Wednesday, January 11, 2017

Review - - Sweet Southern Bad Boy

Sweet Southern Bad Boy
By Michele Summers
Publisher: Sourcebooks Casablanca
Release Date: December 6, 2016

Katie McKnight is elated to have found a house that seems perfect as the location for her father’s latest horror miniseries featuring teen zombies. Having failed as production runner, production assistant, and boom operator for her father’s studio, she is desperate to prove herself successful as a location scout. It doesn’t matter that she has a degree in elementary education and found joy in teaching and in her avocation, photography; the McKnight parents and their two lawyer sons measure success in dollar amounts, and Katie has never measured up. But securing this old farmhouse in Harmony, North Carolina, as the setting for McKnight Studio’s paranormal scream fest could change the family’s view of Katie.

Vance Kerner is facing his own version of desperation. He has published twelve novels, war thrillers that have enjoyed considerable success. However, with the deadline for the final book in his bestselling Honor series a mere month away, Vance is faced with a handful of assorted scenes and a blank computer screen. His writer’s block is exacerbated by his temporary responsibility for the children of his older brother, a soldier on another deployment to Afghanistan, and his sister-in-law, who is recovering from a skiing accident that left her with two broken legs, a sprained wrist, and assorted bruises. Caring for seven-year-old Donald, five-year-old Dover, and three-year-old Dana Sue, aka Danny, plus Pixie the dog and Lollipop the kitten doesn’t leave Vance much time to write, and the Kerner siblings strike terror in the hearts of nannies. When Katie arrives at the farmhouse door, Vance mistakes her for the newest nanny and, almost incoherent with gratitude, immediately begins giving her instructions. He is so desperate to make a meeting with his agent that even when Katie corrects his error, he cannot resist the deal she offers: babysitting services while he makes his meeting in exchange for fifteen minutes during which he will listen to Katie’s pitch for using his house as a setting for a miniseries.

He returns to find that a California Mary Poppins with family issues and low self-esteem has cleaned the house, cooked a meal and tamed the kids--all this plus Vance has fallen in lust with curvy Katie almost at first sight. He has no interest in turning his ancestral home into a site for zombie adventures, but he is very interested in a month with Katie as live-in nanny. Soon Vance’s closest friends are playing matchmaker, and half of Harmony is aiding and abetting them. Katie can’t believe that Vance, affectionately and alliteratively known as Harmony’s hottie and the hunk of Harmony, could possibly be interested in her even though he is the star attraction in her fantasies from their first meeting. Their journey to an HEA is heavily populated with supporting characters and complicated by Katie’s domineering father and one-dimensional ex, but Katie and Vance act like adults and make choices that affirm the strength of their love for one another.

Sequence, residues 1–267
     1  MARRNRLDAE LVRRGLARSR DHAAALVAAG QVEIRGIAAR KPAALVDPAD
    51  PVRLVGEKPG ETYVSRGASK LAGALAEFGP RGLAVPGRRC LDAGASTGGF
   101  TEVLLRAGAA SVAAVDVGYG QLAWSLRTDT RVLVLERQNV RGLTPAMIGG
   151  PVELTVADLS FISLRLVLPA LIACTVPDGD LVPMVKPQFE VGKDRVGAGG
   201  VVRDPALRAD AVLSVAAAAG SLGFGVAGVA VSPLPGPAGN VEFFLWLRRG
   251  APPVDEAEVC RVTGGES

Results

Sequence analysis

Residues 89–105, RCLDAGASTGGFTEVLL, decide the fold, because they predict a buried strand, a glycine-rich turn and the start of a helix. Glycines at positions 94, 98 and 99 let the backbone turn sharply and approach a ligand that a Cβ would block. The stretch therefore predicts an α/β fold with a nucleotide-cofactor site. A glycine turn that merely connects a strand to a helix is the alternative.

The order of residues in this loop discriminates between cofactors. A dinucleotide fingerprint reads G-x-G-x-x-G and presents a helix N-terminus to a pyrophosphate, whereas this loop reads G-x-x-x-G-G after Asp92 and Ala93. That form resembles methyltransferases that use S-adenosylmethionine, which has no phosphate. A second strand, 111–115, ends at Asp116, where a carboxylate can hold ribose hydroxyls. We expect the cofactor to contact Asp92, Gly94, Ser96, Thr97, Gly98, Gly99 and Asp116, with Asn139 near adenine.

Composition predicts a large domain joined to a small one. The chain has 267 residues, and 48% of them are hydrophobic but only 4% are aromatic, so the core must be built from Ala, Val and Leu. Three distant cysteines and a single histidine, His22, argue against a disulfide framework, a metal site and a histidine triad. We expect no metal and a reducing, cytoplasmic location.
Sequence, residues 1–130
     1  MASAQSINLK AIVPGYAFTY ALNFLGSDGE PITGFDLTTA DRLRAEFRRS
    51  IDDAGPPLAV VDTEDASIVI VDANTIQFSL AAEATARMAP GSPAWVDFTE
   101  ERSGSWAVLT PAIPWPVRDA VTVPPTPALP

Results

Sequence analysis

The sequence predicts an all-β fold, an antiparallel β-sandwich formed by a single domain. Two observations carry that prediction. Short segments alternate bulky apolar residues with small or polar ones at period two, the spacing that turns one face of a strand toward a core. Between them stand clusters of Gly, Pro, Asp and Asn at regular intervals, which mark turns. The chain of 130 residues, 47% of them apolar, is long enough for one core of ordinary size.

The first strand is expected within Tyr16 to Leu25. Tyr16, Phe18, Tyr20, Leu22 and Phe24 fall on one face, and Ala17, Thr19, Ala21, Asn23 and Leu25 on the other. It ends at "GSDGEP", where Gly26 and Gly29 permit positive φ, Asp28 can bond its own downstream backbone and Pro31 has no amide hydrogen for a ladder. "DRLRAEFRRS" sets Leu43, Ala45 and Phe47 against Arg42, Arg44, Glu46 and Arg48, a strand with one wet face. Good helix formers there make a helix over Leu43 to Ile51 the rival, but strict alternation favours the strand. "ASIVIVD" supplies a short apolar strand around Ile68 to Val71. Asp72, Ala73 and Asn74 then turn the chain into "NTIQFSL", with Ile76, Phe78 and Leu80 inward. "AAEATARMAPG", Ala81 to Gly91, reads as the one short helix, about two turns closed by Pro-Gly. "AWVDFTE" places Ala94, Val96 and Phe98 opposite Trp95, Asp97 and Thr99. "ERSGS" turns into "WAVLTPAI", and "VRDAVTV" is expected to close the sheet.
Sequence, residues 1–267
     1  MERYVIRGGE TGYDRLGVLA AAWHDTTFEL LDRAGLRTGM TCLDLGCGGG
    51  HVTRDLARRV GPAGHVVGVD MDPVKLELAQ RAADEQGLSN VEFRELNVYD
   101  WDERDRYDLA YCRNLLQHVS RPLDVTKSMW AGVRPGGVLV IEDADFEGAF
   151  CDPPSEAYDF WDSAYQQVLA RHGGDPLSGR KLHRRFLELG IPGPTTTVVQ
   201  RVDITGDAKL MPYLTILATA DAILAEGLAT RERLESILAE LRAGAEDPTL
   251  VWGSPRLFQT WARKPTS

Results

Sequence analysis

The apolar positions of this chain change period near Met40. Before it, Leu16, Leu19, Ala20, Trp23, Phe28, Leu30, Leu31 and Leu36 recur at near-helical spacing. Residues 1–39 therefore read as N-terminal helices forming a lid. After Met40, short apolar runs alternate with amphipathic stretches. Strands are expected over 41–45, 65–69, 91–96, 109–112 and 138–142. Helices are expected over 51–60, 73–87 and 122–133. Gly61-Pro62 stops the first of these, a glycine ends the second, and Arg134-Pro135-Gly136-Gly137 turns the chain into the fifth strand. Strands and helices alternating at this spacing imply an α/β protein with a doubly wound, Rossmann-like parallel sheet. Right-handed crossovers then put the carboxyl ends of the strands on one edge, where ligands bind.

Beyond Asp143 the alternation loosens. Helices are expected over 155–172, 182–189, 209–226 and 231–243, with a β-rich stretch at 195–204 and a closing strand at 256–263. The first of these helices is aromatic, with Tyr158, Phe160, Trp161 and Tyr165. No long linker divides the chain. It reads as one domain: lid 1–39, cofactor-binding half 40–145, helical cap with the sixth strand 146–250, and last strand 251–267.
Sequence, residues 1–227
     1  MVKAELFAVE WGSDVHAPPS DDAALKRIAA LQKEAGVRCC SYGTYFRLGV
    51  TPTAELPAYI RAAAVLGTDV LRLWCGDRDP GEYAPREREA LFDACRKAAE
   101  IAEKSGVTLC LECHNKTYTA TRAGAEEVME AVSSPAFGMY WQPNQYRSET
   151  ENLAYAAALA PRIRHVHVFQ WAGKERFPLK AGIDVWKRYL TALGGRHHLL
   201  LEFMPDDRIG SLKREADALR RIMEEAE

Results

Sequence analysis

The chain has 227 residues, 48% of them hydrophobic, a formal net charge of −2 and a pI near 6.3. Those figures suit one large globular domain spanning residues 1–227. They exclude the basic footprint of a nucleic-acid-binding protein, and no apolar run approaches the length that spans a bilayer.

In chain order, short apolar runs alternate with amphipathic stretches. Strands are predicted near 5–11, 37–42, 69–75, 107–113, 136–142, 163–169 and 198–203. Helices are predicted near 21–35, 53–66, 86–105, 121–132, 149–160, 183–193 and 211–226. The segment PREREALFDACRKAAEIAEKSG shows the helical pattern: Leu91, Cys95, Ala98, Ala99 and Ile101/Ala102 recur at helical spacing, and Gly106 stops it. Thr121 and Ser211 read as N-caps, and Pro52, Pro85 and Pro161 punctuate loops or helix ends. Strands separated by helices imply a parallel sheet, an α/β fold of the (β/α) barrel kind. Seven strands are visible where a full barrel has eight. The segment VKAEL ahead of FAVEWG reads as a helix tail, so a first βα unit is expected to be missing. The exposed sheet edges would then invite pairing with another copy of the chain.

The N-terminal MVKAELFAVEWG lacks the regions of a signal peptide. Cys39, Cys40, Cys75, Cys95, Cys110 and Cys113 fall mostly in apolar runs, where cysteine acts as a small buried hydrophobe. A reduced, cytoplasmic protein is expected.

Sweet Southern Bad Boy is the third book in Summers’s Harmony Homecoming series. I have not read the first two books, but except for thinking when the leads of the earlier books were introduced that their stories must have already been told, I had no problem reading this book as a standalone. I found Katie and Vance likable, and the family issues—both Katie’s need to win her family’s approval and Vance’s estrangement from his father, a retired two-star general—provided interesting context. I admit that early on I longed to see Katie grow a spine and confront her family with a healthy dose of truth.

Their strong will and influences had impacted her life on so many levels that she had no idea who she was anymore. Her past kept crowding her present. She hated being a wimp, and she hated not living life on her terms.

I wanted to give her a good shake and say, “Honey, you are twenty-eight not eighteen. Speak up.”  But she does just this finally, and it is a moment made more wonderful because she acts on her own, although her love for Vance and the sense of belonging she finds in Harmony have helped to make her strong enough to act. I have a weakness in life and in fiction for Southern charmers with an edge and a rich vein of guarded but genuine sweetness, so Vance won my affection more easily.

Some readers will doubtless find Harmony too quaint and quirky for their taste. At times, it does feel like Mayberry with Duck Dynasty walk-ons, but Southern eccentrics are more than stereotypes. If anyone doubts their realness, I can introduce you to a few. If you like small-town romance in which Southern accents and attitudes are more true than not, I think you will enjoy Katie and Vance’s story.



  1. As someone who has lived in small towns in the South, I can promise you, there are eccentric people who absolutely exist and are trotted out as trophies when the need arises.

  2. I enjoy stories set in the south. I love their idiosyncrasies.

  3. I love small town romance, always hoping that the small towns involved are better than the one where I grew up in dusty, hot west Texas. This one sounds like something I will definitely check out.